ARCO's collection was eclectic, consisted of an wide range of media & styles. Three years after ARCO was taken over by BP in 2000, that company's then-chairman, Lord Brown ordered ARCO's art collection liquidated, it was sold through LA Modern Auctions. Bayer made provisions to donate, after his death, a collection of his works, housed in ARCO's conference center in Santa Barbara to the Los Angeles County Museum of Art; the works have been loaned to the Denver Art Museum. He was elected a Fellow of the American Academy of Arts and Sciences in 1979. Bayer's works appear in prominent public and private collections including the MIT List Visual Arts Center. Bayer designed the Mill Creek Canyon Earthworks, an environmental sculpture located in Kent, Washington. In 2019, the philanthropists and entrepreneurs Lynda and Stewart Resnick donated $10 million to the nonprofit Aspen Institute for a center dedicated to Bayer that will be located on the Institute’s Aspen Meadows campus, whi

Sireli Naqelevuki

Sireli Masibalavu Naqelevuki plays as a prop in rugby sevens but in traditional 15s he is a wing or centre. He made his rugby sevens debut in 2002 in Dubai Sevens, he weighs 118 kg. Contracted to the FRU, he played in seven of the eight IRB 7s tournaments when Fiji won the 2005–06 Series, his father, test rep Samu Naqelevuki, was a hard-hitting utility back who died in November 2002 only a few days after Sireli had been selected for the Fiji 7s team. He played for the Suva Highlanders in the Colonial Cup but after his performance in the rugby sevens Circuit, he was recruited by the Western Province Rugby Union and he played for them in the Currie Cup where he has played 29 games for them scoring 19 tries. After solid performances for the provincial team he got picked for the Stormers Super 14 franchise team. In 2007 he tested positive for cannabis after representing Fiji in the second leg of the International Rugby Board Sevens series in George late last year, his B Sample tested positive. He was banned from playing rugby for 3 months.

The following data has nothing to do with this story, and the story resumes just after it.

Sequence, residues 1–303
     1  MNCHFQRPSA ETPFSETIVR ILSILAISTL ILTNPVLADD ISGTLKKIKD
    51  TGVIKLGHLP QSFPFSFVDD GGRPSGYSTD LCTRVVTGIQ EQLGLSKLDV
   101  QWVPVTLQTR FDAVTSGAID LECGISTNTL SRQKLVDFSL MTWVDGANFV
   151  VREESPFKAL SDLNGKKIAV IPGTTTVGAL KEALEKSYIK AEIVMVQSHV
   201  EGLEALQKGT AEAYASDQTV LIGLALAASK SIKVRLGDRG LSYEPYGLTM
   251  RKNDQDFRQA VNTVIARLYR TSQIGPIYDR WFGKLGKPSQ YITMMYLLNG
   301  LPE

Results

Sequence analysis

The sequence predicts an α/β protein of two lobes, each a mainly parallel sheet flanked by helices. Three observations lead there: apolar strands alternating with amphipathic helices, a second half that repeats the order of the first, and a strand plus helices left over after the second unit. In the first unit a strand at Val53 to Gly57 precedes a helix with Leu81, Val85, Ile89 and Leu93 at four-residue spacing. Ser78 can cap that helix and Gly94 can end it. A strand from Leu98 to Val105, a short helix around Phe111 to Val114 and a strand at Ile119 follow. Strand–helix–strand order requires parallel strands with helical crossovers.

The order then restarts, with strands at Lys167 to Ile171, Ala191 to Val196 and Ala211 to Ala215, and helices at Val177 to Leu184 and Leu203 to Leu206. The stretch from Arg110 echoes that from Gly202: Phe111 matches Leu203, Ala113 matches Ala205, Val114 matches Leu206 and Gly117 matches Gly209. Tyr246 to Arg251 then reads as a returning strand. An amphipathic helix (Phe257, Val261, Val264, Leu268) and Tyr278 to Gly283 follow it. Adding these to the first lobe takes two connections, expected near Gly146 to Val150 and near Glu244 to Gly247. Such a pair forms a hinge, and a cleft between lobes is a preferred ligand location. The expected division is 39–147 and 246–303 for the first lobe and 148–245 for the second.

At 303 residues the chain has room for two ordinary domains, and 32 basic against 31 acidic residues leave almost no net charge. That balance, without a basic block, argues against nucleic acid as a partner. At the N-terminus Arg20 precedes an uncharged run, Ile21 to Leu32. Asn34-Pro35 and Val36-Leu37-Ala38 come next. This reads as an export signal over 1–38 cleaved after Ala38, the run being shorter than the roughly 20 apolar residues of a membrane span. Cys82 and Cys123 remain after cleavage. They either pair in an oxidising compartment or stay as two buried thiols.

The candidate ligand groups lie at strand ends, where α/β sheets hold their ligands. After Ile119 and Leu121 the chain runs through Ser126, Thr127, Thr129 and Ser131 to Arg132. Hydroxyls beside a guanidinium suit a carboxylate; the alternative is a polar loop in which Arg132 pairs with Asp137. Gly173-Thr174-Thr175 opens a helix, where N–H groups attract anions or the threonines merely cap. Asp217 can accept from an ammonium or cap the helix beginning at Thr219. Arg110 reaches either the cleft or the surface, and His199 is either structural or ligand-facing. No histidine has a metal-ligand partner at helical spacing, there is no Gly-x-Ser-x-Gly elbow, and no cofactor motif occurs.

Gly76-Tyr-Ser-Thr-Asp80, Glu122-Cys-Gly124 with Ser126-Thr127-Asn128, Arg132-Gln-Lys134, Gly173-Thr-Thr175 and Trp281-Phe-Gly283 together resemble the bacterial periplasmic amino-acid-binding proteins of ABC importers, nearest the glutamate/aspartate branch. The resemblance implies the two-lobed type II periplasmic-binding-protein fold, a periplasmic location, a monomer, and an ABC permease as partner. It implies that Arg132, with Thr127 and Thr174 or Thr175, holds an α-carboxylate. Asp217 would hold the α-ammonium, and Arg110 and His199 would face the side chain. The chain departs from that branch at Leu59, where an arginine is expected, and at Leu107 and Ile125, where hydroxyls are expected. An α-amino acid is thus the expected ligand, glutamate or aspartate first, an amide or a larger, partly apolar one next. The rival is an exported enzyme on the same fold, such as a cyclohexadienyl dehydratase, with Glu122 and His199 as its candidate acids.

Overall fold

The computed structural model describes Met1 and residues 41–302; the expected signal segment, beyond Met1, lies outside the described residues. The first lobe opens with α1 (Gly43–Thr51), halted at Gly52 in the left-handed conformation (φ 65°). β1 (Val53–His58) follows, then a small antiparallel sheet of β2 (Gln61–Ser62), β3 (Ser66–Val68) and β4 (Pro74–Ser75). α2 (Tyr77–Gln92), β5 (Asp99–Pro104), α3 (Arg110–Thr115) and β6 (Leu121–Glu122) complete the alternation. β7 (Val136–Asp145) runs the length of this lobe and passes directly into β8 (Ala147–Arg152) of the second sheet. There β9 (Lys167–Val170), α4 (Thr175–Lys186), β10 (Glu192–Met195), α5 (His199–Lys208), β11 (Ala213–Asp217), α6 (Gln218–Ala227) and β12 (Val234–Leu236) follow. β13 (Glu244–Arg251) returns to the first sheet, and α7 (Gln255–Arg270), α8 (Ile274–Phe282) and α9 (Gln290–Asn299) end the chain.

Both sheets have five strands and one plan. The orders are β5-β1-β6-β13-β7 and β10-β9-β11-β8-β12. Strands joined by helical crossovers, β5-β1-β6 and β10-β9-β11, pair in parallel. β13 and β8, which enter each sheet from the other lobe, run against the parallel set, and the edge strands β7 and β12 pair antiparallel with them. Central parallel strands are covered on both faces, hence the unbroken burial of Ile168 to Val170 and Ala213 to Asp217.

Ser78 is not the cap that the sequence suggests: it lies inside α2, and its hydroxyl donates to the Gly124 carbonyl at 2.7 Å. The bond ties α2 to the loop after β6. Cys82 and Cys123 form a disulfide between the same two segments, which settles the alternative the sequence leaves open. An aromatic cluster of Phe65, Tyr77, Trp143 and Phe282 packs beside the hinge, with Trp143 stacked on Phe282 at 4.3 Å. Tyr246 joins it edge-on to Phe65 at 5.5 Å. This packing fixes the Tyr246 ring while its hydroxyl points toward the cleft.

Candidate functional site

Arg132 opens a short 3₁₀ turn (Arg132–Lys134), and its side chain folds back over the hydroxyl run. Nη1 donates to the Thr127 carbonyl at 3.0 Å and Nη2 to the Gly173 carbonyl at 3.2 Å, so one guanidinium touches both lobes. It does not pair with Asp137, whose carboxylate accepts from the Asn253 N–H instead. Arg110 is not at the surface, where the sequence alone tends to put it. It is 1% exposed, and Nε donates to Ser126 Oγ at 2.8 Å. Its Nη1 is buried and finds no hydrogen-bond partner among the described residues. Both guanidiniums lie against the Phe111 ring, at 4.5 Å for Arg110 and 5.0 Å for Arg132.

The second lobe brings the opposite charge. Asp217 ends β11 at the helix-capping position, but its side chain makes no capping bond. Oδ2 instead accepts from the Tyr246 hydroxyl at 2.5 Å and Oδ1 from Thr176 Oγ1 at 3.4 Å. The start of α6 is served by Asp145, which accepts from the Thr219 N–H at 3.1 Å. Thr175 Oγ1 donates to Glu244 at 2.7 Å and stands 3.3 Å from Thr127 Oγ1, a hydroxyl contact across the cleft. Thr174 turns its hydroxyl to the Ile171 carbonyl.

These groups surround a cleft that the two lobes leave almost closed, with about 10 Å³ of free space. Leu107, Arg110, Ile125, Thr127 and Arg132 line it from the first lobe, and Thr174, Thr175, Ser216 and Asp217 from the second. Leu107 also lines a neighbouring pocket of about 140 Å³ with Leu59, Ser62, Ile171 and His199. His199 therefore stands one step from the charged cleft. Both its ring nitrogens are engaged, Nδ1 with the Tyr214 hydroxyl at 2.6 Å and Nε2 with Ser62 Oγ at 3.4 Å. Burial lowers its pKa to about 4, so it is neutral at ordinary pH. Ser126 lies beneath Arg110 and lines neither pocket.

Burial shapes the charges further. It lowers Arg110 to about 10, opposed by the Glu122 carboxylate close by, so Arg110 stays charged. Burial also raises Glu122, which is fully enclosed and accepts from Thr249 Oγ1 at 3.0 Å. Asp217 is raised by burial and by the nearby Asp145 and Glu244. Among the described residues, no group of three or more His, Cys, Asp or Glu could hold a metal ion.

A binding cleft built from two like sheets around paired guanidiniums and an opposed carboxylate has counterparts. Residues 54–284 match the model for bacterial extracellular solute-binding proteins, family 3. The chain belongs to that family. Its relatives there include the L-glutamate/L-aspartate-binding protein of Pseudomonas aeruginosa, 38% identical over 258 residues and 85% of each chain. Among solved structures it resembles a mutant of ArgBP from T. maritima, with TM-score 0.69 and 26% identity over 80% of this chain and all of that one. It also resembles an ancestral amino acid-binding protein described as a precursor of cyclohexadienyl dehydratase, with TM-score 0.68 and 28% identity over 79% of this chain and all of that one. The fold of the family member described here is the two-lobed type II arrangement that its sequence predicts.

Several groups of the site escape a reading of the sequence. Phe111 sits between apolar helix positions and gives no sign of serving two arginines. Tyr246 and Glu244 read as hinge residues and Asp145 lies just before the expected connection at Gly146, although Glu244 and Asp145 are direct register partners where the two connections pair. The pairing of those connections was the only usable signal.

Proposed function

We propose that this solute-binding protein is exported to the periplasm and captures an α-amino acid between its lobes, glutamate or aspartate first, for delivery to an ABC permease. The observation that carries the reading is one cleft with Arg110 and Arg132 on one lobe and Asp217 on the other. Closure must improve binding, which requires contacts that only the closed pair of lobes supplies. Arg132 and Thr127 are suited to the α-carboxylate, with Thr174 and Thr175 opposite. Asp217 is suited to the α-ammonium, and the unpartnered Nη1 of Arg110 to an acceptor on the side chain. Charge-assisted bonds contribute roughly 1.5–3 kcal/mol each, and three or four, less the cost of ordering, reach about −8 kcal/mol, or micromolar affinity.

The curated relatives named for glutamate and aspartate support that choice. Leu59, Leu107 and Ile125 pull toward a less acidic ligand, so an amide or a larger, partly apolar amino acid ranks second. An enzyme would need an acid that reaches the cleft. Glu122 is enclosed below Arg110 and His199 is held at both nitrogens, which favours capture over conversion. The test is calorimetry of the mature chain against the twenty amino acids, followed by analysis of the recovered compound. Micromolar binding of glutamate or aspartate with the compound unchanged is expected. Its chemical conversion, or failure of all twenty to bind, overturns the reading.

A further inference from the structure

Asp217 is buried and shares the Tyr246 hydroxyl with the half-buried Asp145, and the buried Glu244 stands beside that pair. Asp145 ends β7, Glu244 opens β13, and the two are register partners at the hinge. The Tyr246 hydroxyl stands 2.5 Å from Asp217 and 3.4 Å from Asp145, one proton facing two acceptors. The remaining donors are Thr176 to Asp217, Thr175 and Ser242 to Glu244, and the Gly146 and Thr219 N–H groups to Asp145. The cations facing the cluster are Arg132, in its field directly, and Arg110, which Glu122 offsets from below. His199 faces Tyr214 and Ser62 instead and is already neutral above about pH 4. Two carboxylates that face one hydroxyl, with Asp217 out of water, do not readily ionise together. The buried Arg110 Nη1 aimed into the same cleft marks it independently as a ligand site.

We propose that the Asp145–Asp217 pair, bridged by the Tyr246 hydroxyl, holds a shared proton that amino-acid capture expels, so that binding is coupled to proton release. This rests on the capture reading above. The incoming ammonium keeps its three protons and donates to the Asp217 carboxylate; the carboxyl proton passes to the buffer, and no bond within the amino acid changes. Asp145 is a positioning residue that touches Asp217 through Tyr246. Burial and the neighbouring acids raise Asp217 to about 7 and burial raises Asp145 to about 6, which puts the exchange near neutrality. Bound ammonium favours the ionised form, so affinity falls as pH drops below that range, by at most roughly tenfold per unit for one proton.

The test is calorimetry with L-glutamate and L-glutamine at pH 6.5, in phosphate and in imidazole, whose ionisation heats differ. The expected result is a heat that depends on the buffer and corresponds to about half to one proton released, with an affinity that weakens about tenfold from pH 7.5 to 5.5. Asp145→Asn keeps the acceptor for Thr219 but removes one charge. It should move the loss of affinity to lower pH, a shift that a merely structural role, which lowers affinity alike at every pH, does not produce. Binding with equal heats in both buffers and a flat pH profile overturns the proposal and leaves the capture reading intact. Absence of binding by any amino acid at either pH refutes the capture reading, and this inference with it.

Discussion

He returned after his three-month ban and got picked by the Fiji sevens team for the remainder of the 2006–07 IRB Sevens World Series. While playing for the Stormers in the 2009 Super 14 season, Naqelevuki scored 4 tries, but was criticised by rugby columnist Tank Lanning for being unfit. Naqelevuki was selected for the Western province 2009 Currie Cup team, he made a return to the Fiji sevens team when he was included in the George leg of the 2009–10 IRB Sevens World Series after injuries to 2 players and the Fiji coach, Iliesa Tanivula decided against getting replacement from Fiji as it would be expensive and with Naqelevuki's ability to play in the forwards as well as the backs, no other replacements were needed. In the 2010 Super 14 season, Sireli shared the right wing position with Gio Aplon since his left wing berth now belonged to Springboks winger, Bryan Habana, his performance in the first few weeks was average but he picked his game in Week 4 and was named the man of the match against the Hurricanes in Week 5.

Since he has been consistent and has become a valuable member of the team and after an injury to fullback Joe Pietersen forced the coach, Allister Coetzee to play Aplon at fullback thus allowing Naqelevuki to start most games on the right wing pairing Jaque Fourie as his outside centre partner. His changed of attitude has gone down well with local fans who were angry after his dismissal performance for Western Province in the Currie Cup cost them a place in the semi-finals. After he was unceremoniously dumped after his game against the Sharks, he wasn't selected for the remaining matches including the semi-final and the grand final, he returned to Fiji to take part in the 2010 IRB Pacific Nations Cup, he has had offers from European clubs. He was released from his contract with the Stormers and Western Province after the 2010 Super 14 season. In early September 2010, he flew out of Fiji to join his new club in the Guinness Premiership newcomers the Exeter Chiefs in England; the signing of Naqelevuki was confirmed by Exeter Chiefs on 20 September 2010.